Little fire ants spread across Big Island
HONOLULU — State officials have confirmed little fire ants have spread from the east side of the Big Island to the west side.
The Department of Agriculture says the stinging ant is considered one of the world’s most invasive species.
The department said Wednesday that the little fire ant was detected this month at two locations in Kailua-Kona.
The ant was first found in the state in 1999 in the Puna area of the Big Island. In October, it was detected on a farm in Waihee, Maui.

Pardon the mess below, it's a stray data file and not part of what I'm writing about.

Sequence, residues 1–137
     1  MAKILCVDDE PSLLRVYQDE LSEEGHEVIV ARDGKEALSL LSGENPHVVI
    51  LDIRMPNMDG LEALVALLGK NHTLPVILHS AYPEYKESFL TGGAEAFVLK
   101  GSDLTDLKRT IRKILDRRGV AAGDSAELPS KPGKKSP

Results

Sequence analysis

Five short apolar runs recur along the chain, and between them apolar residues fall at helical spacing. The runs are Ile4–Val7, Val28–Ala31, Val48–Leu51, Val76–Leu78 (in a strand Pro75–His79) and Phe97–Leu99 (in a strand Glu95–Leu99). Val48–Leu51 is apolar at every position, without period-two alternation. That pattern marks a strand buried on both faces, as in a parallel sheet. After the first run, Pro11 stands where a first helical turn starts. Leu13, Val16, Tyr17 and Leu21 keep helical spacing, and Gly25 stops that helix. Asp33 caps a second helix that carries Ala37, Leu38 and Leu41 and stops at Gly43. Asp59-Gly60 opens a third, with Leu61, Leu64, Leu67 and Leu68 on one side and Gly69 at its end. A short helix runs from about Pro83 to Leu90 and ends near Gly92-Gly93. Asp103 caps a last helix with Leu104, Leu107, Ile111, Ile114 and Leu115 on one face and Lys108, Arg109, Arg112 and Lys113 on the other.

A native of South America, the little fire ant is pale orange in color and moves slowly. It can produce painful stings and large red welts, and may cause blindness in pets.
The ant can build up very large colonies on the ground or in vegetation, and moves freely into homes.